Don't Pull a Fast One
Sat Sep 09 2017
There's this thing that happens in stories sometimes—I'm sure you've seen it yourself—where a character will suddenly use or reveal something you had no idea the character had access to, but which the narrative presents as though it has been there all along even though you know it was never mentioned beforehand.
Maybe it's a tool the character desperately needs just at that moment. Maybe it's some sentimental object summoned up from the depths of the character's past. Maybe it's a special skill or ability. But whatever the particular thing is, you the reader are left feeling like it's unfair that you didn't know about it beforehand.
I'm not talking about times when you feel that the character shouldn't or logically couldn't have the thing they seem to have; that happens too, but that's just a plot hole. I'm talking about the times when you feel the story is pulling a fast one.
Anticipating the possibilities
Those feelings are entirely justified, and they come from the story doing something that makes it impossible for you, as a reader, to do the one thing you're supposed to do: anticipate what might happen.
If readers have any job to do while reading a story, that's it: you read, you absorb, and you process, all so you can anticipate what might happen next. You build up a range of possibilities in your mind, then wait to see which one actually happens. Or best of all, when the writer is really good, which unanticipated but perfectly sensible possibility comes true.
That cat-and-mouse game between author and reader is where a great share of the fun of reading comes from, so naturally you resent it when the story cheats at the game.
The range of possibilities you're able to foresee is the product of everything you know about the character. This includes all their age, height, and other such personal details; their knowledge, skills, and abilities; any material assets at their disposal; all combined with the particular situations they're facing.
You have to know what they can do and what they can use in order to anticipate the possibilities.
So when the character suddenly reveals the new thing, you feel like the story—and the author—just pulled a rabbit out of their hat. You feel justifiably annoyed. How can you do your job if you don't accurately know what the character has access to?
These sudden rabbits come in three main types:
- Convenient objects: physical items that somehow teleport right into the character's pocket or purse the moment the character needs them.
- Instant heirlooms: similarly convenient objects, but ones that come bearing their provenance proudly. Usually through a block of exposition, these objects' histories lay bare their great emotional meaning to the character.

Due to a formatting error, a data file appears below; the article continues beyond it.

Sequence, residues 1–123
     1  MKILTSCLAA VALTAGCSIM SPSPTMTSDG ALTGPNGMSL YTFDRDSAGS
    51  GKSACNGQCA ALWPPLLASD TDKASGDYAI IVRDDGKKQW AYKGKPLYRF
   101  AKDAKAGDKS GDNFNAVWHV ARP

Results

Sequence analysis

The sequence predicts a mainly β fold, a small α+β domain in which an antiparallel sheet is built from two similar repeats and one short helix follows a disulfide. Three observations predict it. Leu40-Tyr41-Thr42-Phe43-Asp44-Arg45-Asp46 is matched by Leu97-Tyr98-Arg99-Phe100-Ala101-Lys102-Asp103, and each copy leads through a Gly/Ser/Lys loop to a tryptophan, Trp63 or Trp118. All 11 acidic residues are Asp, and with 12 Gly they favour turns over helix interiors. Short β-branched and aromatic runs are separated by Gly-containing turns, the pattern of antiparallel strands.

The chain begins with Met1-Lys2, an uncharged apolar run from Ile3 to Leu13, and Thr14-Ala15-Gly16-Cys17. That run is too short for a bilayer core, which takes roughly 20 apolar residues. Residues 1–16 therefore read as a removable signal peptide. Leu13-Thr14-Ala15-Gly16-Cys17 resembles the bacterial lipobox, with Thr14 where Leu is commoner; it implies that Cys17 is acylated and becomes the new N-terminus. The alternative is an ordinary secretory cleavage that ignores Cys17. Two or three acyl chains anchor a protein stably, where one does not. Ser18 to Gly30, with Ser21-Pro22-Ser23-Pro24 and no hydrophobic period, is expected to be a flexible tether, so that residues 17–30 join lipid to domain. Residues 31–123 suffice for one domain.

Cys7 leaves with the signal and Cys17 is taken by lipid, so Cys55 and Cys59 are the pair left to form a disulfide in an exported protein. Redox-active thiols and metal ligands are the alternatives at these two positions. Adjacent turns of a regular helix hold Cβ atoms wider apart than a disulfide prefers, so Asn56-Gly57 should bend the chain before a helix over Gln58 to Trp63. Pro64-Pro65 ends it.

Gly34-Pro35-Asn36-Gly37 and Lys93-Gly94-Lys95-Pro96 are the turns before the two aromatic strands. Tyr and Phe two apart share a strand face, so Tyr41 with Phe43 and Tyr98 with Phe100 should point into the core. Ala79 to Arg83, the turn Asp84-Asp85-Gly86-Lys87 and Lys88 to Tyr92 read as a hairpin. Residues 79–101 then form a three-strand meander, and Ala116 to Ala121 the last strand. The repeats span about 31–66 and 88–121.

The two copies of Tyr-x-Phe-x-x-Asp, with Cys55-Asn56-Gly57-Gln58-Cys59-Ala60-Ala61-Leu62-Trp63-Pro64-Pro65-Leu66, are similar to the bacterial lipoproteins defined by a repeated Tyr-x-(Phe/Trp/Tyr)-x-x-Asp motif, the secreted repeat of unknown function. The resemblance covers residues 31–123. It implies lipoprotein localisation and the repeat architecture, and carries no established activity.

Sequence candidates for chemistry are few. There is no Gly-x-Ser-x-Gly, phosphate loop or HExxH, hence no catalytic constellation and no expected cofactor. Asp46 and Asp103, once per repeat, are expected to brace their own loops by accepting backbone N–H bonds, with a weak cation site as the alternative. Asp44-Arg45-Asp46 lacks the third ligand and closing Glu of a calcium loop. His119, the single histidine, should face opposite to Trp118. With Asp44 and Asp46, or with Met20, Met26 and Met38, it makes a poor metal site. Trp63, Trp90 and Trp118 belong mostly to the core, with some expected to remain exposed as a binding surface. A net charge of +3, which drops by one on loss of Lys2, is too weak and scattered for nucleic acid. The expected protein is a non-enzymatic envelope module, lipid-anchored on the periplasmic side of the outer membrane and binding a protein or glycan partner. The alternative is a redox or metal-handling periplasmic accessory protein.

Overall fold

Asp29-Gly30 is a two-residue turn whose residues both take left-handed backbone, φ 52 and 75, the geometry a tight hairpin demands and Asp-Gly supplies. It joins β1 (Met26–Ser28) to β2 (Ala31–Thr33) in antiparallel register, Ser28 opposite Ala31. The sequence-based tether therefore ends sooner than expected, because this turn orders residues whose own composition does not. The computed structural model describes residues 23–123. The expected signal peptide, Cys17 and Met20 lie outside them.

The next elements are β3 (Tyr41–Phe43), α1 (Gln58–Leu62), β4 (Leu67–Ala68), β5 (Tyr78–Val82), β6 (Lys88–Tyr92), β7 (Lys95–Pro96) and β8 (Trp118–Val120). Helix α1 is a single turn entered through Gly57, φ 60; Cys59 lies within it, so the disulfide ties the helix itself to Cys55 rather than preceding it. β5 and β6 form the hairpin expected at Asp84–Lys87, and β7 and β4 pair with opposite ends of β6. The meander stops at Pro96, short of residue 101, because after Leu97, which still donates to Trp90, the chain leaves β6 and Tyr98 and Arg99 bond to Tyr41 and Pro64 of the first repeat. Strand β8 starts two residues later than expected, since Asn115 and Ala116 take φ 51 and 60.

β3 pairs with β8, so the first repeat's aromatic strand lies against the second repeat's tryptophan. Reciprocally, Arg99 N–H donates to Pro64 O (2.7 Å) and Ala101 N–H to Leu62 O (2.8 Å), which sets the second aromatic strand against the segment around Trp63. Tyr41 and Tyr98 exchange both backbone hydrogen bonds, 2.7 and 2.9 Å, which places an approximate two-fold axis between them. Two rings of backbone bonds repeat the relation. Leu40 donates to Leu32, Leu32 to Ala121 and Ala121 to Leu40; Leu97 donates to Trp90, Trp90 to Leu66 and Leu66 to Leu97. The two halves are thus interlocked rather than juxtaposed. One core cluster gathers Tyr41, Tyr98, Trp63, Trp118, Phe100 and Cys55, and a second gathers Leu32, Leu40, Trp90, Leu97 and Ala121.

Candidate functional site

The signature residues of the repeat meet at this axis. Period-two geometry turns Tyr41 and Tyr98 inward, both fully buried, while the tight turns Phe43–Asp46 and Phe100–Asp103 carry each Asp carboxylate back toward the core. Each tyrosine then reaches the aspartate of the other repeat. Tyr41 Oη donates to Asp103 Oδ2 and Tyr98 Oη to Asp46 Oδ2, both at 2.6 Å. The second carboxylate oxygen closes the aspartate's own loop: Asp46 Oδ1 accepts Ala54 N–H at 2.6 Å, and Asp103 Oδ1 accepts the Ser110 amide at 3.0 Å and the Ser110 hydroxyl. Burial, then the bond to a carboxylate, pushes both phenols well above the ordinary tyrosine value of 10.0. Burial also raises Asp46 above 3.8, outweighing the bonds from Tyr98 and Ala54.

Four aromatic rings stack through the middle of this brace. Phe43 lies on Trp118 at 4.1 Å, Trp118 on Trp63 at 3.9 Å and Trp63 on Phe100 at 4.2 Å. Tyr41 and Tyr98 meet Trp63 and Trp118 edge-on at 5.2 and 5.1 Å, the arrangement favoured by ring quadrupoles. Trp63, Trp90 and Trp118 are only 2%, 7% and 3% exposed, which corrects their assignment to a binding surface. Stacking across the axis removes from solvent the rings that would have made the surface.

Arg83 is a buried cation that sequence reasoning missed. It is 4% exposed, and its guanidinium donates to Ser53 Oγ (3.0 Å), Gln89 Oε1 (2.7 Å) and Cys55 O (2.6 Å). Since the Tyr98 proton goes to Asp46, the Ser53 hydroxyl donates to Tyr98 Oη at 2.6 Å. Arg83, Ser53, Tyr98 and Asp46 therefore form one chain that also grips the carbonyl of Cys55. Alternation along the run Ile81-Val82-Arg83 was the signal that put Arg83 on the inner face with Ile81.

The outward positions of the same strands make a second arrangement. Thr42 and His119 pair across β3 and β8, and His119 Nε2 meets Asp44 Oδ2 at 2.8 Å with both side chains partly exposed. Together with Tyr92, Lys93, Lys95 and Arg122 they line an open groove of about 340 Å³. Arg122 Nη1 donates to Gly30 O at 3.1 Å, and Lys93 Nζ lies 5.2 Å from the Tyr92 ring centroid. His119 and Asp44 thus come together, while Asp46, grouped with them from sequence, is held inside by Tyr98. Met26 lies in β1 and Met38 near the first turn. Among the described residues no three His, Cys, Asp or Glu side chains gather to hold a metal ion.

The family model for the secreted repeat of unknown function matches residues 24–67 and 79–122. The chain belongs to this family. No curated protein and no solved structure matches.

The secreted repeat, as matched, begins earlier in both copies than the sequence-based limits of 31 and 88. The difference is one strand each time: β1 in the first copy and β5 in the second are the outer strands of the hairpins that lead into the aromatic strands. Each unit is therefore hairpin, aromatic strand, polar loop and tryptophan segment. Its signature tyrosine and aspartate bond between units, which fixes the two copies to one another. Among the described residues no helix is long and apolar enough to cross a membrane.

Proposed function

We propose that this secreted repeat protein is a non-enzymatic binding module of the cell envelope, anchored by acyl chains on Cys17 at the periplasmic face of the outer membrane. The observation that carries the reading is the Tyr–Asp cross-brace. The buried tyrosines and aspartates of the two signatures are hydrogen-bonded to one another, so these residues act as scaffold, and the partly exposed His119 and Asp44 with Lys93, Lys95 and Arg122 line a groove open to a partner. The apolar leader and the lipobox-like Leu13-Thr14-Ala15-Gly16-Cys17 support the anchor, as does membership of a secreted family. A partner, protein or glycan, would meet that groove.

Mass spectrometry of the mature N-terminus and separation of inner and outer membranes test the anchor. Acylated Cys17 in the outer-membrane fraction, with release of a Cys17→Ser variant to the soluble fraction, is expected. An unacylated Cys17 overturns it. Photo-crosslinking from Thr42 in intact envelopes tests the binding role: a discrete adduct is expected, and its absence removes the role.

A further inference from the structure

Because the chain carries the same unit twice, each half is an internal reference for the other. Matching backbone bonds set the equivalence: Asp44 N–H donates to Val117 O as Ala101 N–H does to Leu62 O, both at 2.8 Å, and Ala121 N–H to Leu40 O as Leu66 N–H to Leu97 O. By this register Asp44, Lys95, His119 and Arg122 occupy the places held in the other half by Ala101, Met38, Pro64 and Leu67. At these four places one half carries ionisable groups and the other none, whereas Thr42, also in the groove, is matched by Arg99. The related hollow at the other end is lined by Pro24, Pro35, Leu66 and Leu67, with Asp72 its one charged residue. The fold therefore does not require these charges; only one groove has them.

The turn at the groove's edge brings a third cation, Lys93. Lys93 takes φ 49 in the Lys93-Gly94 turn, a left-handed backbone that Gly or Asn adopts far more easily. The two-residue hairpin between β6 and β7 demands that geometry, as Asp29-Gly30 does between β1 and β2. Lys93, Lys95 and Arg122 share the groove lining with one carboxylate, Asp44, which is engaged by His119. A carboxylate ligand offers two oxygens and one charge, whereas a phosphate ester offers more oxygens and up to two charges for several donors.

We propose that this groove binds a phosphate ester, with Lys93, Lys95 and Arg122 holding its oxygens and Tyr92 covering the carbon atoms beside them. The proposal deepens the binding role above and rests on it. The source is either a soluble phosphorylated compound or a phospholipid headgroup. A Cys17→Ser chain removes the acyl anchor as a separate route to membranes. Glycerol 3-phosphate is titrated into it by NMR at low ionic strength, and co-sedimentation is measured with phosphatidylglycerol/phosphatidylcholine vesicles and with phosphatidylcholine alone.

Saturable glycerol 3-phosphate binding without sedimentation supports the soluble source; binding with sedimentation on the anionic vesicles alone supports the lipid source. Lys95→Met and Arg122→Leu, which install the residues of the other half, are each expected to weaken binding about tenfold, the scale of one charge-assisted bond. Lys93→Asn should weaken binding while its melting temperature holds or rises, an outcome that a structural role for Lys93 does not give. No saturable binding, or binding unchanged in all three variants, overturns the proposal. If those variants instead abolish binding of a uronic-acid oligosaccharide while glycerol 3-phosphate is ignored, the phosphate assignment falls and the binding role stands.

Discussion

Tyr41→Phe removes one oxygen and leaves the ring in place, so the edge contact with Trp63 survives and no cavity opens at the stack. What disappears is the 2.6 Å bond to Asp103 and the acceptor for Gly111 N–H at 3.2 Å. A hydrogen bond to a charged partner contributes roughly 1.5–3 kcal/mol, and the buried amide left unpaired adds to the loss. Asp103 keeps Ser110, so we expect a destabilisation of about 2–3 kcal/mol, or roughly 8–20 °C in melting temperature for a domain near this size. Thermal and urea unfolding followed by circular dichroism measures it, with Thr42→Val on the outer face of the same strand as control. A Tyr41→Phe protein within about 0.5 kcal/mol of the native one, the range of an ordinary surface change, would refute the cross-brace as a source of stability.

- Sudden abilities: specialized knowledge or skills that are suspiciously relevant to whatever problem the character is facing.
Note, there's nothing at all wrong with the objects, the provenance, or the abilities themselves.
If you need your character to have access to a fountain pen or something at a critical moment in the story, that's fine. If you need the pen to be something meaningful to the character, that's fine too. It's even fine if you need the character to be an award-winning calligraphic artist.
All of those are fine. Problems arise only when readers don't know about them.
If they don't know about those things, then how can they anticipate that the character might expertly forge an invitation to the high-society ball?
And if readers are only just now learning about the pen at all—that is, if you haven't used cliffhanger thinking to give the reader time to internalize the importance of the object—why should they suddenly feel any particular emotions about the fact that his grandfather gave it to him?
Or if you aspire to be one of those writers who is so good you can distract readers away from anticipating the forged invitation, how will you leave readers with that delicious moment of saying "augh, I should have seen that coming!"
You can't, if you never told them about the pen and the penmanship.
Set it up ahead of time
As a writer, your job is to walk that fine balance between giving readers all the clues they need while still leaving them open to being surprised by how those clues come together. You do this by setting the clues up well ahead of time, and in unrelated contexts.
Maybe the character uses the pen as a stress device, habitually pulling it out of a pocket and fiddling with it when trying to work out what to do. Let us see that happen a few times before the invitation-forging scene, so we get the idea that this guy always has a pen on him. Next time we see it, we'll feel that it's perfectly natural.
And maybe you give us a scene where the guy has a friend over at his apartment, and the friend notices all kinds of random wedding announcements, party invitations, and so forth lying about. "What are all these?" the friend asks, and oh, the character explains, "Those are just samples from old jobs. I do calligraphy work on the side to earn extra money."
And you make sure the pen is not used in that scene. Dissociate the clues from one another, so their joint use at a later plot point is not so obvious.
Do that and you support the reader's ability to anticipate. Pull all the rabbits out of the hat well before you actually need them and readers will praise you when you yet surprise them.
Don't make them curse you for last-minute rabbits instead.